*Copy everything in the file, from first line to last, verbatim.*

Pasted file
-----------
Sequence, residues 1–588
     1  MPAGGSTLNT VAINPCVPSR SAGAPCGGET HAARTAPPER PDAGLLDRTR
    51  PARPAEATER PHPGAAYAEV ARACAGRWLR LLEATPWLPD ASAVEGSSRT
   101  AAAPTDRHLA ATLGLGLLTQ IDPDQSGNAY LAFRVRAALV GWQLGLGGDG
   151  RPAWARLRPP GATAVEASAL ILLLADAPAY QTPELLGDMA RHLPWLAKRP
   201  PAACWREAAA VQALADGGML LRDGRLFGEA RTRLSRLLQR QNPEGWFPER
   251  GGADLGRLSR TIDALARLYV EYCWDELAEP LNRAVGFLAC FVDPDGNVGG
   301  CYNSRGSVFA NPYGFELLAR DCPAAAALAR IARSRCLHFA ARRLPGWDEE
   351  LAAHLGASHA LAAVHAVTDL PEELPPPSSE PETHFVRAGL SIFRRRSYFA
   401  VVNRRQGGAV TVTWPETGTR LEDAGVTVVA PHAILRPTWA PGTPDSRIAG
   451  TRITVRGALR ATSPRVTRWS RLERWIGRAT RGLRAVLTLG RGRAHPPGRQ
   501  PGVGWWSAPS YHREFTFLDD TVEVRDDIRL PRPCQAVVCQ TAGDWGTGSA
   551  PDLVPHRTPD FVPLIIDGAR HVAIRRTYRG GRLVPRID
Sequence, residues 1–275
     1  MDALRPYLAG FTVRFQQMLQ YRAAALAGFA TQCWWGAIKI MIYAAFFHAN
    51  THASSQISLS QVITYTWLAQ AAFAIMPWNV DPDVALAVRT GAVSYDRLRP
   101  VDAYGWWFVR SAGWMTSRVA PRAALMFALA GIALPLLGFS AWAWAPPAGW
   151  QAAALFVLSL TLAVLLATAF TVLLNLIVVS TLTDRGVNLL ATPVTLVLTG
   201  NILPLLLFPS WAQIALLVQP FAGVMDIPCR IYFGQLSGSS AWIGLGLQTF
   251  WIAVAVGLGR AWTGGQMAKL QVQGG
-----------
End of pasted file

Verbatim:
Sequence, residues 1–588
     1  MPAGGSTLNT VAINPCVPSR SAGAPCGGET HAARTAPPER PDAGLLDRTR
    51  PARPAEATER PHPGAAYAEV ARACAGRWLR LLEATPWLPD ASAVEGSSRT
   101  AAAPTDRHLA ATLGLGLLTQ IDPDQSGNAY LAFRVRAALV GWQLGLGGDG
   151  RPAWARLRPP GATAVEASAL ILLLADAPAY QTPELLGDMA RHLPWLAKRP
   201  PAACWREAAA VQALADGGML LRDGRLFGEA RTRLSRLLQR QNPEGWFPER
   251  GGADLGRLSR TIDALARLYV EYCWDELAEP LNRAVGFLAC FVDPDGNVGG
   301  CYNSRGSVFA NPYGFELLAR DCPAAAALAR IARSRCLHFA ARRLPGWDEE
   351  LAAHLGASHA LAAVHAVTDL PEELPPPSSE PETHFVRAGL SIFRRRSYFA
   401  VVNRRQGGAV TVTWPETGTR LEDAGVTVVA PHAILRPTWA PGTPDSRIAG
   451  TRITVRGALR ATSPRVTRWS RLERWIGRAT RGLRAVLTLG RGRAHPPGRQ
   501  PGVGWWSAPS YHREFTFLDD TVEVRDDIRL PRPCQAVVCQ TAGDWGTGSA
   551  PDLVPHRTPD FVPLIIDGAR HVAIRRTYRG GRLVPRID
Sequence, residues 1–275
     1  MDALRPYLAG FTVRFQQMLQ YRAAALAGFA TQCWWGAIKI MIYAAFFHAN
    51  THASSQISLS QVITYTWLAQ AAFAIMPWNV DPDVALAVRT GAVSYDRLRP
   101  VDAYGWWFVR SAGWMTSRVA PRAALMFALA GIALPLLGFS AWAWAPPAGW
   151  QAAALFVLSL TLAVLLATAF TVLLNLIVVS TLTDRGVNLL ATPVTLVLTG
   201  NILPLLLFPS WAQIALLVQP FAGVMDIPCR IYFGQLSGSS AWIGLGLQTF
   251  WIAVAVGLGR AWTGGQMAKL QVQGG